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The Bristol sessions are considered the "Big Bang" of modern country music. They were held in 1927 in Bristol, Tennessee by Victor Talking Machine Company company producer Ralph Peer. They marked the commercial debuts of Jimmie Rodgers and the Carter Family.

Contents

Country music before the Sessions

Country music had been recorded commercially since 1922. Among these very early artists were Vernon Dalhart, who recorded the million-selling Wreck of the Old 97, Ernest Stoneman from Galax, Virginia, Henry Whitter, A.C. (Eck) Robertson, who recorded the first documented country record along with Henry C. Gilliland ("Sallie Gooden" b/w "Arkansaw Traveler"), and Uncle Dave Macon. However, any "hillbilly" artists who recorded had to travel to the New York City studios of the major labels, and many artists, including Dalhart, were not true "hillbilly" artists but instead crossed over from other genres. ("Hillbilly" is used here to distinguish the largely secular folk music of the region from gospel and blues, and is not meant as a pejorative.)

Okeh Records and later Columbia Records had sent producers around the South in an attempt to discover new talent. Peer, who worked for Okeh at the time, recorded Fiddlin' John Carson using the old acoustic method (known for its large intrusive sound-gathering horn) in 1924, at the behest of the Okeh dealer in Atlanta, Georgia, Polk Brockman. Despite Peer's belief that the record was of poor quality, the 500 copies made of "Cluck Old Hen" sold out in weeks. This experience convinced Peer of the potential for "hillbilly" music.

Peer left Okeh for the Victor Talking Machine Company, taking a salary of $1 per year. However, Peer owned the publishing rights to all the recordings he made. Peer's arrangement of paying royalties to artists based on sales is the basis for record contracts today, and the company he founded, peermusic[1], remains in existence today.

The rise of electronic recording allowed records to have a sound better than radio, which had threatened to reduce the recording industry to irrelevance by 1925. This new method allowed softer instruments such as dulcimers, guitars and jaw harps to be heard, and it also meant recording equipment was highly portable—and as such, recordings could be made nearly anywhere (the acoustic equipment was not really portable.)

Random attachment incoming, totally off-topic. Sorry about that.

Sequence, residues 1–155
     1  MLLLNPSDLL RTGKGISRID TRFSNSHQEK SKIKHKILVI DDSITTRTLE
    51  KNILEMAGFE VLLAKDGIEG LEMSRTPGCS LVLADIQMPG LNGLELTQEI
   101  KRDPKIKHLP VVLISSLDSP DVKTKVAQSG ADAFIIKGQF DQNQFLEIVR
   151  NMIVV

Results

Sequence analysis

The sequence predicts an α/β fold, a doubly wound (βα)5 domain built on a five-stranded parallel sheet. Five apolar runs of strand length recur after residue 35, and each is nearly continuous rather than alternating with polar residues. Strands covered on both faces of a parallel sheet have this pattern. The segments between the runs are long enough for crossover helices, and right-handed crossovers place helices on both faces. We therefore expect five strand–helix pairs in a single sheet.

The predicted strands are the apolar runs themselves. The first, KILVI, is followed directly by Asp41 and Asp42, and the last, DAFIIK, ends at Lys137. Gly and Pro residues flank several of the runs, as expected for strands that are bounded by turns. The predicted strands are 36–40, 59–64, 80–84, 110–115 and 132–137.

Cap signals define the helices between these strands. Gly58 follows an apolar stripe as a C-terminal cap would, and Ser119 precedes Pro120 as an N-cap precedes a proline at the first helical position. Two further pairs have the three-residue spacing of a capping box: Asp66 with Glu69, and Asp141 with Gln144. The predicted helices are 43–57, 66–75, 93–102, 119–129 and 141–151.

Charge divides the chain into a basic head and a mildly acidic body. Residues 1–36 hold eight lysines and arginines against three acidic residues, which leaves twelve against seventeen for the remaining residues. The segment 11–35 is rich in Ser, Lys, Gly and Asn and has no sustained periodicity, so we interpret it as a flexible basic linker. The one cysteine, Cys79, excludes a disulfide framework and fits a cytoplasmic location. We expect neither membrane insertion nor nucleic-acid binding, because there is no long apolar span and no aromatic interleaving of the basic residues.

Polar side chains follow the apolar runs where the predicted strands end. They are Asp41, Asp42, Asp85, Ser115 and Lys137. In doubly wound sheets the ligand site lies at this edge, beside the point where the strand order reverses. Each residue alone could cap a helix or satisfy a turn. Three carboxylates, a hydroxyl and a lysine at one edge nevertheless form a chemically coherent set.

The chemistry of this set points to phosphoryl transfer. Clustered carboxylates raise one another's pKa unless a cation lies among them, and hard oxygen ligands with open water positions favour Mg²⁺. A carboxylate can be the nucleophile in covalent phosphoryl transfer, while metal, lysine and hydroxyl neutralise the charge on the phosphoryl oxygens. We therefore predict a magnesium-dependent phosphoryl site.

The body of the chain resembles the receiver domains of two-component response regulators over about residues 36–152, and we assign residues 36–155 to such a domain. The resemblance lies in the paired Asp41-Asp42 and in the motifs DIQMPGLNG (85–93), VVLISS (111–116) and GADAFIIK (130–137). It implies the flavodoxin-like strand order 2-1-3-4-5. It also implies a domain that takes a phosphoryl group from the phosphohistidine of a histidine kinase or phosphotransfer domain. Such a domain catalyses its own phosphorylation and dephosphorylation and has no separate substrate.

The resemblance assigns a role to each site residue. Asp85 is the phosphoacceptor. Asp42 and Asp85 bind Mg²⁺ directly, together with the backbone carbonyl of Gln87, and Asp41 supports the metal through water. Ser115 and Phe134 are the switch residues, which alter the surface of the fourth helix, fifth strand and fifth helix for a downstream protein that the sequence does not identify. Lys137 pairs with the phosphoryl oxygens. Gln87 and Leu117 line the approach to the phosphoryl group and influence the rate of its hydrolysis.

Peer asked his friend Stoneman, who had recorded for Okeh, how to find more rural talent. Stoneman convinced Peer to travel through southern Appalachia and record artists who might otherwise have been unable to travel to New York. Peer recognized the potential with the mountain music, as even residents of Appalachia who didn't have electricity were using hand-cranked Victrolas. He decided to make a trip, hoping to record blues, gospel and "hillbilly" music. Artists were paid $50 on the spot for each side cut, and 2½ cents for each single sold.

In February and March, he made a trip which recorded blues and gospel music, and decided to make another trip. He decided to make a stop in Savannah, Georgia and Charlotte, North Carolina. He settled on Bristol (at the urging of Stoneman) as a third stop, because with Johnson City and Kingsport, Tennessee, it formed the Tri-Cities, the largest urban area in the Appalachians at the time. In addition, three other record companies had held or were scheduling auditions for Bristol. So Peer set out with his wife and two engineers for Bristol.

The Sessions themselves

Peer then set up a record studio in a hat warehouse on State Street, which is the state line in Bristol. He placed advertisements in the local newspapers, which did not receive much response aside from artists who had already traveled to New York or were already known by Stoneman.

Stoneman was the first to record with Peer, doing so on July 25. He recorded with friends such as his wife Hattie, Eck Dunford and Mooney Brewer. Other acts, including the Johnson Brothers vaudeville duo (best known for their Crime of The D'Autremont Brothers) and a church choir, filled out the rest of July. However, these artists were only enough to fill the first week of recordings and Peer needed to fill out his second week.